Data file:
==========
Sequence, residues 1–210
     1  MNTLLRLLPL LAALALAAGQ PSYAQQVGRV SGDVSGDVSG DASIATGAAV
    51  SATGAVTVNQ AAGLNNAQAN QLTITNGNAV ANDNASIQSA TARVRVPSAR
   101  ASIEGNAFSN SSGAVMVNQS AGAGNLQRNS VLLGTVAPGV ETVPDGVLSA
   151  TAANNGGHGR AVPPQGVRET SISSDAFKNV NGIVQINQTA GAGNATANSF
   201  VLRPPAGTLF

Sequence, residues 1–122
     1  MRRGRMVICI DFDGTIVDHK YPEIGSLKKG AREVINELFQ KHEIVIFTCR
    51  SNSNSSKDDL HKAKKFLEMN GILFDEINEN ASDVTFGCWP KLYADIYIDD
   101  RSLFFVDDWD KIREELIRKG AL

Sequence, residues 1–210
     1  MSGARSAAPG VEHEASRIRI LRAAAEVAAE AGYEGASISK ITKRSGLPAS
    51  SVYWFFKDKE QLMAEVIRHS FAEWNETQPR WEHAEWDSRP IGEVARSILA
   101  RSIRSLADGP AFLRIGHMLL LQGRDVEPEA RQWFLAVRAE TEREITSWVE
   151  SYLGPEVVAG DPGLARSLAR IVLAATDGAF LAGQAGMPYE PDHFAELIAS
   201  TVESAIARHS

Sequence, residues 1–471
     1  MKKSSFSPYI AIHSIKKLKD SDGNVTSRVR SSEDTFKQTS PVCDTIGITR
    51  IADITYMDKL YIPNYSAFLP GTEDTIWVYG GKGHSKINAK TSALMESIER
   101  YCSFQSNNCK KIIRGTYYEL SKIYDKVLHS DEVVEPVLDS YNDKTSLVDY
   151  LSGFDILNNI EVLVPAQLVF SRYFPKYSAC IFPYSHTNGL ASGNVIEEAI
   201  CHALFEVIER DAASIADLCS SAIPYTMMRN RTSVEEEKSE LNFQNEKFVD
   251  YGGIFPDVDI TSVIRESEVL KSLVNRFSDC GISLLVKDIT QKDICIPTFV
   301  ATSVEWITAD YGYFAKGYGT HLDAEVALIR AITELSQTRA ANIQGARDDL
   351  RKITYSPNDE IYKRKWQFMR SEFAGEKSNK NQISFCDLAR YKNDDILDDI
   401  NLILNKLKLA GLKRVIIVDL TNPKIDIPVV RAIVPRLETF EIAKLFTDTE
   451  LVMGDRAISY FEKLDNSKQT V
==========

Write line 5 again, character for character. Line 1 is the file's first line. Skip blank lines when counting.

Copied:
   151  TAANNGGHGR AVPPQGVRET SISSDAFKNV NGIVQINQTA GAGNATANSF